Western Rivers Conservancy Programs
Oregon’s John Day River is one of the West’s great rivers and a globally significant stronghold of wild steelhead and salmon. WRC began work on the John Day in 2008 by purchasing the 8,015-acre Murtha Ranch, spanning 16 river miles, together with its 8,000-acre BLM grazing lease. We have conveyed these lands to the Oregon Parks and Recreation Department to establish Oregon’s largest state park, Cottonwood Canyon State Park, slated to open in autumn, 2013. We are now working to extend the fish and wildlife sanctuary upstream and downstream of Murtha Ranch.
In the coastal temperate rainforest of California, WRC is conserving 47,000 acres along the lower Klamath River and Blue Creek. The Blue Creek Salmon Sanctuary- Yurok Tribal Preserve Project is: establishing a salmon sanctuary and tribal preserve; returning ancestral lands to the Yurok Tribe; and enhancing the Tribe’s culture and economy. In April 2011, WRC and the Yurok Tribe completed the purchase of more than 22,000 acres of sustainable forestlands. WRC is now working to protect the entire lower watershed of Blue Creek, a critical cold-water refuge for migrating salmon.
On Colorado’s Yampa River, WRC is purchasing and protecting the 920-acre Gumpdrop Ranch at the entrance to Cross Mountain Canyon. Located strategically along the middle Yampa and adjacent to BLM’s Cross Mountain Wilderness Study Area (WSA), protection of the ranch will provide new public access to 88,000 acres of public lands, including outstanding hiking, hunting and whitewater opportunities. We are now working to place the property in permanent conservation stewardship with the BLM, ensuring public access to Cross Mountain Canyon and the WSA for all time.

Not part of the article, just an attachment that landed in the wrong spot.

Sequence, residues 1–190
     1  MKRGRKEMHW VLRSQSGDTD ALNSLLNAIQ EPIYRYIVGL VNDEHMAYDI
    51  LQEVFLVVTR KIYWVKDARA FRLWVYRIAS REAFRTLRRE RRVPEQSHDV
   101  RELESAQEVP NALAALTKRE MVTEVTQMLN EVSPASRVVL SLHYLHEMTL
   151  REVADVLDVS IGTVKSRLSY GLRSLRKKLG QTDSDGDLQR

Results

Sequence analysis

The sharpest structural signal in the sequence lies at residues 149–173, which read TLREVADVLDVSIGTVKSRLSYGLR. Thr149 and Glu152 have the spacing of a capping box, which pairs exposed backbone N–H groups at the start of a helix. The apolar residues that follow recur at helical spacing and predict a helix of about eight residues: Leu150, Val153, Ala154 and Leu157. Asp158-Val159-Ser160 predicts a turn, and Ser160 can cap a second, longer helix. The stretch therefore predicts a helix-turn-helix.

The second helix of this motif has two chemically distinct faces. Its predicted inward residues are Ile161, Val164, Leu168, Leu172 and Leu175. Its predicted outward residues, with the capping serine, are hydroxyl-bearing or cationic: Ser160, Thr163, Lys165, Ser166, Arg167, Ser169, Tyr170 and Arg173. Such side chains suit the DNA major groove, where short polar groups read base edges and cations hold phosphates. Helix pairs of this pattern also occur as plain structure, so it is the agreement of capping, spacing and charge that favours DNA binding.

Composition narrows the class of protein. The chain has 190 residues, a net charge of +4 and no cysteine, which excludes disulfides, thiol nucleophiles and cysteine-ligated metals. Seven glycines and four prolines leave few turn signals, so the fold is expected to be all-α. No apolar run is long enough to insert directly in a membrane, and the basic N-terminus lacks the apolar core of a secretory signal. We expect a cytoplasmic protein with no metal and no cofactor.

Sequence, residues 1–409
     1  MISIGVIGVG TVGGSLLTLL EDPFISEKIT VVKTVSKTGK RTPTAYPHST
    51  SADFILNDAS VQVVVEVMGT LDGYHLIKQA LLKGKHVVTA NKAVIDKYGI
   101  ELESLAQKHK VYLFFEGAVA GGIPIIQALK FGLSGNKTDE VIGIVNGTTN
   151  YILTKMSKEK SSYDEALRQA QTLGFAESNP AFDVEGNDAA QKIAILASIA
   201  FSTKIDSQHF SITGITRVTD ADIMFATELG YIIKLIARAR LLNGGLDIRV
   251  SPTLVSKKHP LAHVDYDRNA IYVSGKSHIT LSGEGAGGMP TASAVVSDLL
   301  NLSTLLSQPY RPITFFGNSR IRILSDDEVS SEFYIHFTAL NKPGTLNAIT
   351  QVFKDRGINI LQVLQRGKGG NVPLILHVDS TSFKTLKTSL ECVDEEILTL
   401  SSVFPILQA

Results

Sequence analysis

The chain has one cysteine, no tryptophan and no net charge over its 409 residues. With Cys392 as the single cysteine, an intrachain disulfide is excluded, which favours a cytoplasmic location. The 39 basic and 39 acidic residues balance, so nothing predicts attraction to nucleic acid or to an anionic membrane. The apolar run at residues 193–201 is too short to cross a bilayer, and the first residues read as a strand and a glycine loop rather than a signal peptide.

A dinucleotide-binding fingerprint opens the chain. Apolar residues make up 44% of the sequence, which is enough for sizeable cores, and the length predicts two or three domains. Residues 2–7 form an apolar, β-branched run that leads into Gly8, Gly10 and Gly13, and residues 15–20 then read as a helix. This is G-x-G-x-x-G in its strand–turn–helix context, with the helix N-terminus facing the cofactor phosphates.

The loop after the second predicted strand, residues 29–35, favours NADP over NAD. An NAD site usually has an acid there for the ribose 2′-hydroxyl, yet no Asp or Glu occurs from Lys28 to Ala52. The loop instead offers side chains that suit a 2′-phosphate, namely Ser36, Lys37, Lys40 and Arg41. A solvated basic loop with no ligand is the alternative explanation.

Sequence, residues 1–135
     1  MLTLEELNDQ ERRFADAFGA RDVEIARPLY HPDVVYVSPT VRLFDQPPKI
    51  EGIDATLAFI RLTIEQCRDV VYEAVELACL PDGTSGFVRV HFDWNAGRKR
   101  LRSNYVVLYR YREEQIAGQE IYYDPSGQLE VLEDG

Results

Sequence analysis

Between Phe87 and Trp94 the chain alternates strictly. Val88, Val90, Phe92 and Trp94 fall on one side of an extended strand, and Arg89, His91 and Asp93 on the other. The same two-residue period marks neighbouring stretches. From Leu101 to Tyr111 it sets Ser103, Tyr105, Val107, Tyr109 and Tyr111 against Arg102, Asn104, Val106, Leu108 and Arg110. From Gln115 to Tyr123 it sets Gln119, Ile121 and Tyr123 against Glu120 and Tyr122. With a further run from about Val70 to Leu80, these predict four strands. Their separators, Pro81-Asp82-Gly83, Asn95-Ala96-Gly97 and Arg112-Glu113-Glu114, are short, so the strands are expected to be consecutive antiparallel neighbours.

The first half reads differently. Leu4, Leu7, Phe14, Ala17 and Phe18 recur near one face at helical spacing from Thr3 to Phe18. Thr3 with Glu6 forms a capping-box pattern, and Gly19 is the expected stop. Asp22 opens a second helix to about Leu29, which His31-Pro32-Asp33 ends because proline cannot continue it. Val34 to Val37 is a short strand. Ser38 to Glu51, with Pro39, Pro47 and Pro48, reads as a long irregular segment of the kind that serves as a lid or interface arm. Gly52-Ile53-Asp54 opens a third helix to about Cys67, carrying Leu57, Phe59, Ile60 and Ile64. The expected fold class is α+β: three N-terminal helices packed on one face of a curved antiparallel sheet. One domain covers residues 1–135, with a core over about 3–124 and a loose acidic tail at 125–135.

Recent Successes and Current Challenges
The Hoh River on the Olympic Peninsula is renowned for its scenic beauty, healthy native fish runs and towering rainforests. Downstream of the Hoh’s pristine headwaters in Olympic National Park, Western Rivers Conservancy (WRC) has worked for a decade to acquire land along the Hoh’s lower thirty miles.
WRC has purchased and protected all of the major corporate-owned land along the lower 30 miles of the Hoh River, totaling nearly 7,000 acres. In September 2009, Western Rivers Conservancy conveyed the last 2,000 acres of these lands to the Hoh River Trust. The Trust's mission is to act as permanent owner and steward of the Hoh River conservation and recreation area for the benefit of fish, wildlife and people.
Western Rivers Conservancy buys land from corporate and individual willing sellers and places land in permanent protective stewardship. In 2013, some of the streams we are working on include the Little Cimarron in Colorado, the North Santiam in Oregon and Blue Creek in California. Resources from the Seattle Foundation’s donor advisors support essential land conservation operating costs, as we create new river parks and protected corridors for fish, wildlife and people.